These three guys sat with Job for seven days and seven nights without saying a single word. They just stayed there.
I don’t know how they did that, but I do know this wouldn’t have been my first reaction. I feel quite certain that at sometime during the first couple of hours I would’ve tried to make some light conversation with Job. The continual silence broken by tears would’ve eventually gotten the best of me.
Silence is uncomfortable. Silence amidst pain? Even more so. Yet, these men in their first seven days and nights with Job knew that nothing they could say would be of any use because his pain was too great.
So, they stayed with him, they sat, and they sobbed.
Romans 12:15 tells us to weep with those who weep and mourn with those who mourn. Often though, our first reaction isn’t to sit and weep.
Instead of weeping with those who weep, we want to say something to them. Instead of mourning with those who mourn, we feel the need to theologically instruct.
I remember only a handful of things people said to me over those two years when we were in and out of the hospital. However, I remember those who showed up and stayed there.
They stayed even when the deafening silence of conversation in the room wasn’t loud enough to drown out the noise of the hospital machinery.
3. Recognize you don’t have all the answers.
Job’s friends were good friends for three verses in Job 2. Beginning with Job 4, however, everything changes. Each of Job’s three friends can no longer sit in silence.
Job has spoken from his heart, and now they feel they must as well. So they all take turns. From Eliphaz to Bildad and then to Zophar, they each attempt to help Job make sense of his suffering.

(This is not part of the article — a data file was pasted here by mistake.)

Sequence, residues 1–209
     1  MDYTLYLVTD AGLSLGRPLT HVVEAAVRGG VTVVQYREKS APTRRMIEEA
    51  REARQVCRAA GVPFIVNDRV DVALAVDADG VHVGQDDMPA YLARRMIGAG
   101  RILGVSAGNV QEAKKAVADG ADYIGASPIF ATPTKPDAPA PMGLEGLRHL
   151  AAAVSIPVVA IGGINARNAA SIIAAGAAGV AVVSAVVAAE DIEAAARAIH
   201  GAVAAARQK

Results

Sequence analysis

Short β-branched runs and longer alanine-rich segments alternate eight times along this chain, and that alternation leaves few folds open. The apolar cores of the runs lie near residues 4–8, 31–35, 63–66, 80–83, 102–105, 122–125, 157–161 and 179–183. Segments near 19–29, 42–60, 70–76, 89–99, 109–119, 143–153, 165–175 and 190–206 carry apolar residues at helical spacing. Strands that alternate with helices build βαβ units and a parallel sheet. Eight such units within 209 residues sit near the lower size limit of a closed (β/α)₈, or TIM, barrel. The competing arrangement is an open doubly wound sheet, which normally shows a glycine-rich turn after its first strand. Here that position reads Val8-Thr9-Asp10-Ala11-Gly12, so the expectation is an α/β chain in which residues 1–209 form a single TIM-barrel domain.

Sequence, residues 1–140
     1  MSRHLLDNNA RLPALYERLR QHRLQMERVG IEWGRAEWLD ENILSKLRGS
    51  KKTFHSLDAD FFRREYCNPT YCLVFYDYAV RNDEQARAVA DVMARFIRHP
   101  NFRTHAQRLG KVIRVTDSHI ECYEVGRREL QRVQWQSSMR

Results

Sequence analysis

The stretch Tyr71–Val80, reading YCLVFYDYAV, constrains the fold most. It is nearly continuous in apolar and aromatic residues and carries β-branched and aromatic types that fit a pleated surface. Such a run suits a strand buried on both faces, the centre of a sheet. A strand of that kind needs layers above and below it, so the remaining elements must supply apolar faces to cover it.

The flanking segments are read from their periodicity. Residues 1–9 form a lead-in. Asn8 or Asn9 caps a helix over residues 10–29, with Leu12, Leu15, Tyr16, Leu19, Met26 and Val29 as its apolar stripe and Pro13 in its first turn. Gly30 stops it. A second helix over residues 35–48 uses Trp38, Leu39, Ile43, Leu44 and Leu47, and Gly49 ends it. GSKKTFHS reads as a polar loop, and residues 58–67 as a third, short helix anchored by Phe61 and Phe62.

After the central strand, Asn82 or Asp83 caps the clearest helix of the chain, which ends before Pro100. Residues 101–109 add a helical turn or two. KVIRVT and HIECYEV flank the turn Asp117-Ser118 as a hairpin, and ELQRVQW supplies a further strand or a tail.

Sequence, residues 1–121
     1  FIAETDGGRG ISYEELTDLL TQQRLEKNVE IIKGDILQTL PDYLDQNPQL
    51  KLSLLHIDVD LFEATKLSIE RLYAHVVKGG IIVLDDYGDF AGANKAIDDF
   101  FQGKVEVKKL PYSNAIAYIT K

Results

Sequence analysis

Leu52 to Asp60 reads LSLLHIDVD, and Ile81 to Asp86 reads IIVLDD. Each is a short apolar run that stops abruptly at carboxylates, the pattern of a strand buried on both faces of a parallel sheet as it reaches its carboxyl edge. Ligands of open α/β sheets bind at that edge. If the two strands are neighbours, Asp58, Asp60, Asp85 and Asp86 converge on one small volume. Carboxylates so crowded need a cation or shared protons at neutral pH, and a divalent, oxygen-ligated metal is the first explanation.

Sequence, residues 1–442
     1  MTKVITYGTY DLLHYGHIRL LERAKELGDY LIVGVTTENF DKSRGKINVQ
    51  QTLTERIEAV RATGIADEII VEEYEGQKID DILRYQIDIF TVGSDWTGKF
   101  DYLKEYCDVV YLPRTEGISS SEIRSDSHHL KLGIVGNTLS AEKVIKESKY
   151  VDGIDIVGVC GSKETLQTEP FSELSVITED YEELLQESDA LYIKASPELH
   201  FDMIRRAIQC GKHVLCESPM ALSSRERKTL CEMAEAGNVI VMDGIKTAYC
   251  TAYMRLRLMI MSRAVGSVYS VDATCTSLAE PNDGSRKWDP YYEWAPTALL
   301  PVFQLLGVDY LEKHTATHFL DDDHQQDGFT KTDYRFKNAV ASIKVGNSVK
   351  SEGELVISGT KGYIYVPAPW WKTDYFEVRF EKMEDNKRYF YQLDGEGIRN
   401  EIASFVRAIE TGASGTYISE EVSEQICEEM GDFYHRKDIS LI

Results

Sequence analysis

Here’s the thing; all three of them are wrong in what they conclude about Job and his suffering. While portions of what they say to Job can be found elsewhere in the Scriptures, their wisdom is wrong when they seek to apply it to Job’s life.
We know from the opening verses of the book why Job is suffering. Job’s three friends don’t have this advantage. They each say what they believe to be true and they get it wrong.
Why are they wrong? Because they don’t have all of the answers. There’s much more going on offstage than what any of his friends realize.
That’s the danger of saying more than we should when sitting with someone who’s suffering. We feel the need to fill the silence with words and we say things that ought not to be said because we don’t have all the answers.
We should recognize that because we don’t have all the answers, the best thing we can do is listen rather than speak. Let your listening be the avenue to understanding.
If we venture beyond listening and understanding, we run the risk of speaking in error. We’ll get it wrong because, offstage, God is doing something we’ve not yet recognized.
Show up and then stay there. While you’re there, resist the urge to fill the silence with empty words.
Even if you think you have the right words, those empty words could end up being wrong words. There’s redemptive power in your presence and your listening ear.
Both of these will say acts of friendship will mean more than you’ll ever know.
Chris is an associate professor and department chair for Liberty University’s School of Divinity where he teaches courses in Old Testament survey, inductive Bible study, and theology of suffering and disability.